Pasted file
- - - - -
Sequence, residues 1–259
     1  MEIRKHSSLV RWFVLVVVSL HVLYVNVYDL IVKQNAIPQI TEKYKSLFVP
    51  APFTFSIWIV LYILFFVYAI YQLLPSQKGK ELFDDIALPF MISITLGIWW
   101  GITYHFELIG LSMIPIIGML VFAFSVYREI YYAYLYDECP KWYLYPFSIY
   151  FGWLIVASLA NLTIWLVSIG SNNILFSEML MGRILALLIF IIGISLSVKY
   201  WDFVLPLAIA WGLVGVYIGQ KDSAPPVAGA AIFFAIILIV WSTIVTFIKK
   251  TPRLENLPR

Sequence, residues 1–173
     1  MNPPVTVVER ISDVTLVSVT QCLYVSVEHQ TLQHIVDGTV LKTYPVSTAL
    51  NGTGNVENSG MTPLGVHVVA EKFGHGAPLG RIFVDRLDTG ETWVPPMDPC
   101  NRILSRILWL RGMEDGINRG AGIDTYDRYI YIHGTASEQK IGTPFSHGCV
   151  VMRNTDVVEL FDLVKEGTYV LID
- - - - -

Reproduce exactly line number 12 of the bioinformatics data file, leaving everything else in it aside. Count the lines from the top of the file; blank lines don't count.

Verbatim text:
   151  VMRNTDVVEL FDLVKEGTYV LID